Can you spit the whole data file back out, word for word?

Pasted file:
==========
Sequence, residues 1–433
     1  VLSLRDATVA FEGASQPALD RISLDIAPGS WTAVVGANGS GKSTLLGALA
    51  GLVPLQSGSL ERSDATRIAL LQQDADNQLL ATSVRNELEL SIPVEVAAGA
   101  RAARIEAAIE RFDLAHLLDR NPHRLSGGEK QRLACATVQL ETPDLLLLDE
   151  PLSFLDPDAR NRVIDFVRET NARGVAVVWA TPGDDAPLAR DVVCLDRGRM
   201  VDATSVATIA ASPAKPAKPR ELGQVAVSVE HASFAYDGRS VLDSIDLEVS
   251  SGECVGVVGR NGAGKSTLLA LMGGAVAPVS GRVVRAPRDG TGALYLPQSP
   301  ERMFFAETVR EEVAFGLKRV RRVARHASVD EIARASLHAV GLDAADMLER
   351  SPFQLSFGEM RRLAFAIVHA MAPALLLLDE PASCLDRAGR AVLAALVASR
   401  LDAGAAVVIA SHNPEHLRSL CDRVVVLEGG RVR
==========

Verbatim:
Sequence, residues 1–433
     1  VLSLRDATVA FEGASQPALD RISLDIAPGS WTAVVGANGS GKSTLLGALA
    51  GLVPLQSGSL ERSDATRIAL LQQDADNQLL ATSVRNELEL SIPVEVAAGA
   101  RAARIEAAIE RFDLAHLLDR NPHRLSGGEK QRLACATVQL ETPDLLLLDE
   151  PLSFLDPDAR NRVIDFVRET NARGVAVVWA TPGDDAPLAR DVVCLDRGRM
   201  VDATSVATIA ASPAKPAKPR ELGQVAVSVE HASFAYDGRS VLDSIDLEVS
   251  SGECVGVVGR NGAGKSTLLA LMGGAVAPVS GRVVRAPRDG TGALYLPQSP
   301  ERMFFAETVR EEVAFGLKRV RRVARHASVD EIARASLHAV GLDAADMLER
   351  SPFQLSFGEM RRLAFAIVHA MAPALLLLDE PASCLDRAGR AVLAALVASR
   401  LDAGAAVVIA SHNPEHLRSL CDRVVVLEGG RVR